I’m a Former CEO — This is the No. 1 Mistake I Saw Women Make in Annual Reviews (& How to Fix It)

Pixabay (headshot photo by John Abbott)

Woman speaking


Bonnie Marcus
Bonnie Marcus
For years we’ve heard that the number one mistake women make negotiating for a raise is that they don’t ask for one. In fact, in their 2003 book Women Don’t Ask, authors Linda Babcock and Sara Lashever confirmed that hypothesis based on their research at the time. Women don’t negotiate as often or as well as men.
But now there is new research that reveals that may be changing. Younger women, specifically women under 40, are asking for raises as often as men, and are successful in negotiating a higher salary. That’s great news!
If it’s true that we’re getting bolder and learning to advocate more for ourselves, we will undoubtedly be in the position to have to negotiate for a raise. And we need to know how to do it well.
Certainly, you need to do your homework and research similar companies in your industry and geography to understand comparable salary ranges, but the most powerful tool in any negotiation whether it’s for a salary increase, promotion, or new position, is your value proposition.

It has been my experience, coaching hundreds of professional women since 2007, that by far, the biggest blunder we make when negotiating for a raise is not understanding our value.

Let’s face it. How can you possibly negotiate for yourself if you don’t understand the most persuasive piece of information in a negotiation? In other words, why should a company give you an increase? It’s never about how hard you work, your challenging workload, the long hours you put in, because that’s your job! It’s the value your work brings to the organization that matters. That’s what your boss and your company care about. And if you are able to communicate that with confidence, you have a much greater chance of getting a well-deserved raise.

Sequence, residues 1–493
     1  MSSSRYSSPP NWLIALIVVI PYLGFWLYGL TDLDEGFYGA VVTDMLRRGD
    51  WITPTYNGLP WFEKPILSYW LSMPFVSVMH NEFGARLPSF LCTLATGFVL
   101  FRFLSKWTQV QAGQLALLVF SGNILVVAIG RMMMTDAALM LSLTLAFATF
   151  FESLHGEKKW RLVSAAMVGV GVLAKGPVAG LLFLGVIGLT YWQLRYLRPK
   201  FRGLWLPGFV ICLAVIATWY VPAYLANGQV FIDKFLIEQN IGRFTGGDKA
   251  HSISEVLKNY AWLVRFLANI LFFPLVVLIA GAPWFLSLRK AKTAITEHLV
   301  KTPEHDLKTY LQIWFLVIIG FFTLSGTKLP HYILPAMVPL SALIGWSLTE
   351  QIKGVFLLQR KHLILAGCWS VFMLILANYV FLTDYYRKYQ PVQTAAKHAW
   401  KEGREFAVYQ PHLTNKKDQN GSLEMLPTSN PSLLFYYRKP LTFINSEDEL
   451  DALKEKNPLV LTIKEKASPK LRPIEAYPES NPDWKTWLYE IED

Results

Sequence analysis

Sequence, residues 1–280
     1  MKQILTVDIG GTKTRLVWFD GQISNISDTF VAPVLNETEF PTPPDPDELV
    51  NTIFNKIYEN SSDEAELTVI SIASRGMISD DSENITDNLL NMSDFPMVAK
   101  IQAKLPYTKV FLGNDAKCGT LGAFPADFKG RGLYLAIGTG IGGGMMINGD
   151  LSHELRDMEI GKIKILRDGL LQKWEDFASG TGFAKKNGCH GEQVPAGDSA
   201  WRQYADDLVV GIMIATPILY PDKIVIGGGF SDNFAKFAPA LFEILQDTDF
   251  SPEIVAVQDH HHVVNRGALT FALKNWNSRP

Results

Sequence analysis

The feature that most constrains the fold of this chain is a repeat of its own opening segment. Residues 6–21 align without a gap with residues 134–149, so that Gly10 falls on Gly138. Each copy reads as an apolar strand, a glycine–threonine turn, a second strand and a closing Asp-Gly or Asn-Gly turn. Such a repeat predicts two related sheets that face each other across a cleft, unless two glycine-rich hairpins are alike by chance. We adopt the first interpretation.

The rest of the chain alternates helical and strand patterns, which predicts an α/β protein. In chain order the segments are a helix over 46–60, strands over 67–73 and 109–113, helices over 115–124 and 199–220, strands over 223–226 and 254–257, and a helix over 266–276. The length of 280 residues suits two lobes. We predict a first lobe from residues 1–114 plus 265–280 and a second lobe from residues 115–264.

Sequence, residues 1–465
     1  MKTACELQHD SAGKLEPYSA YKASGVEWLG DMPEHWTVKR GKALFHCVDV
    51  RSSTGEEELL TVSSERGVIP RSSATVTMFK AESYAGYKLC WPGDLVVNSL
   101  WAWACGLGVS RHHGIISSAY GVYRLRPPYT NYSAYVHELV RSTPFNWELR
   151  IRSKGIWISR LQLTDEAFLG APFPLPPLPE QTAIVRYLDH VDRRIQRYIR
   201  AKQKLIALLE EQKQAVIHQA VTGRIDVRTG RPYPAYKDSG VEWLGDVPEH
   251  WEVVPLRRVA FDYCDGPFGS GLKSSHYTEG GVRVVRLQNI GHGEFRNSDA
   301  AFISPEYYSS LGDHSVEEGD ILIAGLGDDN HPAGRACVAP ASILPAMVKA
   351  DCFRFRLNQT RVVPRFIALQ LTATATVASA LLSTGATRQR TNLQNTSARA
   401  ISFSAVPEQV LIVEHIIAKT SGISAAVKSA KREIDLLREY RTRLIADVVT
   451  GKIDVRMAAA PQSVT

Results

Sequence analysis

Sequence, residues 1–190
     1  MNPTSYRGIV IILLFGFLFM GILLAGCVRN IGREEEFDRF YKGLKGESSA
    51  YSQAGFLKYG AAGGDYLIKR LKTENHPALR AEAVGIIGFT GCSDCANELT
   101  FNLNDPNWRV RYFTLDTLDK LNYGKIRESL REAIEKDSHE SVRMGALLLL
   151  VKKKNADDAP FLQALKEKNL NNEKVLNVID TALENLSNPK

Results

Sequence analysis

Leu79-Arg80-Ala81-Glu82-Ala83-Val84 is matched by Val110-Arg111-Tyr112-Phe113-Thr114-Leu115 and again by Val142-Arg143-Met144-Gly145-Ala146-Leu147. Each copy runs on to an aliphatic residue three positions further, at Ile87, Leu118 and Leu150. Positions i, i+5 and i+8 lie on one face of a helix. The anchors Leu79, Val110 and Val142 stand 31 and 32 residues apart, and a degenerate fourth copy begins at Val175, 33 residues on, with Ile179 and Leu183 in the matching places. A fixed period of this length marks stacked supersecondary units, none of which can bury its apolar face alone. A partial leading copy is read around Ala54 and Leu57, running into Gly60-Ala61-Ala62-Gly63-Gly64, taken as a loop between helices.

How do you know what your value proposition is?
In my book, The Politics of Promotion: How High Achieving Women Get Ahead and Stay Ahead, I devote a full chapter to this. But in a nutshell, here’s some quick advice.
Think about a few of the successful situations you have been involved in at work, and determine how you contributed to that success. If you weren’t leading the project, what was your contribution to the team? What is it about your work and the manner in which you approach the work that leads to specific positive business outcomes?
After you recall several of these projects, a pattern will emerge about your contribution. That’s your value proposition. That’s your secret sauce.
Next, reach out to a trusted colleague, mentor, or supervisor or former boss and ask them for feedback on this. It’s important to understand how others perceive you as well. Perhaps they will validate it or give you more ideas of what they see your unique contribution to be. That gives you great insight.
Whatever your value proposition, what’s important in the negotiation is to communicate how this will help the company reach its objectives. What your boss and your company really need to know is how you are going to help them in the future. Position your value proposition as a benefit to the company, not to you personally. That gives you the ammunition to get a raise.
Bonnie Marcus, M.Ed, is an executive coach, author and keynote speaker focused on women's advancement in the workplace. A former corporate executive and CEO, Bonnie is the author of The Politics of Promotion: How High Achieving Women Get Ahead and Stay Ahead, and co-author of Lost Leaders in the Pipeline: Capitalizing on Women's Ambition to Offset the Future Leadership Shortage.